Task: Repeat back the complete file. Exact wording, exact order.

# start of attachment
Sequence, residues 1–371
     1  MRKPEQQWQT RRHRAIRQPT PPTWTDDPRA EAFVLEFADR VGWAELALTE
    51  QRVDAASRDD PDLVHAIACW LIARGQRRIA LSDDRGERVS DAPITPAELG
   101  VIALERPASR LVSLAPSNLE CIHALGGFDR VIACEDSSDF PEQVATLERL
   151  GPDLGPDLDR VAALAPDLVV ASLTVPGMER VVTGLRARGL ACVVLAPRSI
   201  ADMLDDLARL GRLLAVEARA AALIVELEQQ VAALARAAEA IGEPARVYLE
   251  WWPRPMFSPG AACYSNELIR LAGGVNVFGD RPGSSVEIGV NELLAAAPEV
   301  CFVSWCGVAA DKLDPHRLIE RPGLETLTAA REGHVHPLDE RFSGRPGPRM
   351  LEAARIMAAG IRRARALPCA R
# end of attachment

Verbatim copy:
Sequence, residues 1–371
     1  MRKPEQQWQT RRHRAIRQPT PPTWTDDPRA EAFVLEFADR VGWAELALTE
    51  QRVDAASRDD PDLVHAIACW LIARGQRRIA LSDDRGERVS DAPITPAELG
   101  VIALERPASR LVSLAPSNLE CIHALGGFDR VIACEDSSDF PEQVATLERL
   151  GPDLGPDLDR VAALAPDLVV ASLTVPGMER VVTGLRARGL ACVVLAPRSI
   201  ADMLDDLARL GRLLAVEARA AALIVELEQQ VAALARAAEA IGEPARVYLE
   251  WWPRPMFSPG AACYSNELIR LAGGVNVFGD RPGSSVEIGV NELLAAAPEV
   301  CFVSWCGVAA DKLDPHRLIE RPGLETLTAA REGHVHPLDE RFSGRPGPRM
   351  LEAARIMAAG IRRARALPCA R